NEW YORK – Five years on from the massive earthquake and tsunami in northeastern Japan that took so many lives, Japanese major leaguers who began their careers in the affected area cast their minds back to the disaster while promising to provide whatever inspiration they can from the mound.
The New York Yankees’ Masahiro Tanaka and fellow right-hander Hisashi Iwakuma of the Seattle Mariners were the ace starters for the Sendai-based Tohoku Rakuten Golden Eagles back in 2011, and despite their careers taking them to new heights, they have not forgotten the fate of the Tohoku region.
“It is nowhere near being restored and we mustn’t forget the disaster,” said Iwakuma, who won the Sawamura Award as NPB’s most impressive starting pitcher with the Eagles in 2008.
The March 11 earthquake and tsunami — which according to police left 15,894 people dead and 2,561 missing — shook the nation ahead of Iwakuma’s seventh and final season with the club.
Tanaka won the top pitcher award that year, and again in 2013 in his final season when he went an unprecedented 24-0 and led the team to the Japan Series title before moving to New York.
“There will still be continuous support activities needed,” he said. “I’ll be honored if there are people there who are looking forward to seeing me play. I’ll play to deliver positive news to them with as many good performances as I can produce.”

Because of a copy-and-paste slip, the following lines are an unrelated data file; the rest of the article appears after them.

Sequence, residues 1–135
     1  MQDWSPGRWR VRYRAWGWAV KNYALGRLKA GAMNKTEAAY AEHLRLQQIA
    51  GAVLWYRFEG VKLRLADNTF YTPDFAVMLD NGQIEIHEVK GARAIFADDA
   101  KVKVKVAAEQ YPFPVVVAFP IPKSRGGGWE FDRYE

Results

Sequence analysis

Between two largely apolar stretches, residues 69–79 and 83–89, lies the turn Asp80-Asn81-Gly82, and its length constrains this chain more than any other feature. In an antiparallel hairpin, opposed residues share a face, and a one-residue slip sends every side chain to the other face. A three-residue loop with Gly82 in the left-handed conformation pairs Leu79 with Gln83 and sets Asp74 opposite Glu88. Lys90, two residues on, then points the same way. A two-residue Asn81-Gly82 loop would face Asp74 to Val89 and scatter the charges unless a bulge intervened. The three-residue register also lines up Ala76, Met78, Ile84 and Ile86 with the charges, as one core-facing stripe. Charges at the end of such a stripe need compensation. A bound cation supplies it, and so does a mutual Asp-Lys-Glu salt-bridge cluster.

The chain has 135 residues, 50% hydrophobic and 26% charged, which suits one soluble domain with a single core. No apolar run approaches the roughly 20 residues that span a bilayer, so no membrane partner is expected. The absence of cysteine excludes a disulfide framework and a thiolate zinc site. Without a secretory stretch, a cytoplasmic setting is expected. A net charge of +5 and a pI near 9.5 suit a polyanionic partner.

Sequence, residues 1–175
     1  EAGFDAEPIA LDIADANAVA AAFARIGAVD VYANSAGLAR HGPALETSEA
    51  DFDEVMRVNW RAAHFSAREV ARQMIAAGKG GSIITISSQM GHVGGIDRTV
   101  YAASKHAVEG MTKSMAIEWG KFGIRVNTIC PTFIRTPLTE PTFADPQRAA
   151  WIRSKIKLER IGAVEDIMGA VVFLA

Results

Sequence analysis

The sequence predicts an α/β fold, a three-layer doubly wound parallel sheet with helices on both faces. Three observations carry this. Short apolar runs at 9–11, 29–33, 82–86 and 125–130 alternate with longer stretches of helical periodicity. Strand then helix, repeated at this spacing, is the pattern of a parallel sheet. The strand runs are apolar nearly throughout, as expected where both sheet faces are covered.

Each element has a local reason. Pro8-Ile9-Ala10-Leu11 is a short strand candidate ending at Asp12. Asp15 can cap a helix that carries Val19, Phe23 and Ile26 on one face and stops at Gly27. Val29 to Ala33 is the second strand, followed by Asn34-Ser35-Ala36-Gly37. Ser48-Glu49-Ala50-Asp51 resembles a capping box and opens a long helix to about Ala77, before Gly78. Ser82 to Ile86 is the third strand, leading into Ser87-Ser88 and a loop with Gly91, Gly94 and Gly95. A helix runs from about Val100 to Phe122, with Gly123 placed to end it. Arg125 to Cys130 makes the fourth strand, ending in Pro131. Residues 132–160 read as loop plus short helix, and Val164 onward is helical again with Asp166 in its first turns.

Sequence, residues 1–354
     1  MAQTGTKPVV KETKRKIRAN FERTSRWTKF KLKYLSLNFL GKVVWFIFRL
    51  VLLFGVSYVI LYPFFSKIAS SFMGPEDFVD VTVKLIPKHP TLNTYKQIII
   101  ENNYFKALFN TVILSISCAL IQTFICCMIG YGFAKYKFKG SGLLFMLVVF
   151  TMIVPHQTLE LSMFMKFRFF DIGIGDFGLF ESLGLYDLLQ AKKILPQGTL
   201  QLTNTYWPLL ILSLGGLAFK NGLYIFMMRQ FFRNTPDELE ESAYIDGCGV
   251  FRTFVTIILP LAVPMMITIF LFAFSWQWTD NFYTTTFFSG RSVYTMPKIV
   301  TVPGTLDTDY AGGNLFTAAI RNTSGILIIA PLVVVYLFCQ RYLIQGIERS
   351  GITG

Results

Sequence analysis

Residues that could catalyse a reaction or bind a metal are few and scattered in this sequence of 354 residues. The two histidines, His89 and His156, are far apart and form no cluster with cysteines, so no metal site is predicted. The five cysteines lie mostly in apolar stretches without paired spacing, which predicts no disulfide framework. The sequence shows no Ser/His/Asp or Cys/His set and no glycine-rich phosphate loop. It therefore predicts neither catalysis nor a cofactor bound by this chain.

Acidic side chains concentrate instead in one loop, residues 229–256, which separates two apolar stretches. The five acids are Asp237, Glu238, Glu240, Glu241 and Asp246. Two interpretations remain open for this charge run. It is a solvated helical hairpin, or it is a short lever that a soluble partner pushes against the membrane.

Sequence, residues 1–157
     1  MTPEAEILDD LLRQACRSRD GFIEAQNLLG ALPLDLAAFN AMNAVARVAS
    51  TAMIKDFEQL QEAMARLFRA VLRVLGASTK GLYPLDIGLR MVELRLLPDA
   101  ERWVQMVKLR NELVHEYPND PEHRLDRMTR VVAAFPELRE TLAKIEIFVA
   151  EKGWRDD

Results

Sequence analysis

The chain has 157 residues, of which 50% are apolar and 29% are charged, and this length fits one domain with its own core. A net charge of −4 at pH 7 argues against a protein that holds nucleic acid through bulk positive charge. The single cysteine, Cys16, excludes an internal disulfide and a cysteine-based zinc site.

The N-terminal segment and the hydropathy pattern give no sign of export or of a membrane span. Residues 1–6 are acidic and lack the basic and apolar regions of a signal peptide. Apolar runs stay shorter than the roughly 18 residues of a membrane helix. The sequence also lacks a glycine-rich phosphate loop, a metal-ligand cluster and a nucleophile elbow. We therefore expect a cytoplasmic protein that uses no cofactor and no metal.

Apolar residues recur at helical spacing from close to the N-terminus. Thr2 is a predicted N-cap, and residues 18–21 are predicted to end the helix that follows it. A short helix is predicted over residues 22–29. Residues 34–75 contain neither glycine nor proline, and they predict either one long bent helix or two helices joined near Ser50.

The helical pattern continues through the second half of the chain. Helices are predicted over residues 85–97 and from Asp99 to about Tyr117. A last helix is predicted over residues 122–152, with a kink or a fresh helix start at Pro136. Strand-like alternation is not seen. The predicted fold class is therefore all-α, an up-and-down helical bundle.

The Texas Rangers’ Yu Darvish is another high-profile name who honed his game in the region. He spent three years with Tohoku High School in Sendai before joining the Hokkaido Nippon Ham Fighters.
“I went around six prefectures in Tohoku for road trips and games and they have a special place in my heart,” the 29-year-old said. “I play baseball over here but we just keep doing what we do in the right manner, and hope to help them even by a little bit.”
Maeda gets second start
Mesa, Arizona — Kenta Maeda pitched three scoreless innings in his second start, A.J. Ellis had two hits and drove in three runs and the Los Angeles Dodgers beat the Oakland Athletics 8-3 on Thursday.
Maeda signed a $25 million, eight-year deal with the Dodgers following eight professional seasons with the Hiroshima Carp, a deal that could escalate to $106.2 million. He has yet to allow a run in five innings and has struck out five.
“His ability to change speeds keeps hitters off balance,” Dodgers manager Dave Roberts said. “He got up to 50 pitches. It was a good outing.”
A’s starter Rich Hill, who lasted 2⅓ innings, got the opening two outs of the first before walking the bases loaded and giving up Ellis’ three-run double and Trayce Thompson’s two-run homer.
“He’s a veteran guy in the rotation,” Oakland manager Bob Melvin said. “He had some ups and downs. It’s a great opportunity for him.”
Carl Crawford and Andre Ethier also drove in runs for the Dodgers. Billy Butler had two hits for the A’s.
Maeda isn’t taking anything for granted as he prepares for his first major league season.
“I’m aware it’s spring training and not the regular season,” Maeda said through an interpreter. “I’m not concerned about results. I’m sure there will be a few bumps along the way.”
Maeda got strikeouts with his fastball, change-up and slider, though he’s not yet comfortable with his slider.
“The break was not too good on it,” he said.
As for differences between the two professional leagues, Maeda said he has noticed the bat speed among major leaguers “is pretty quick.”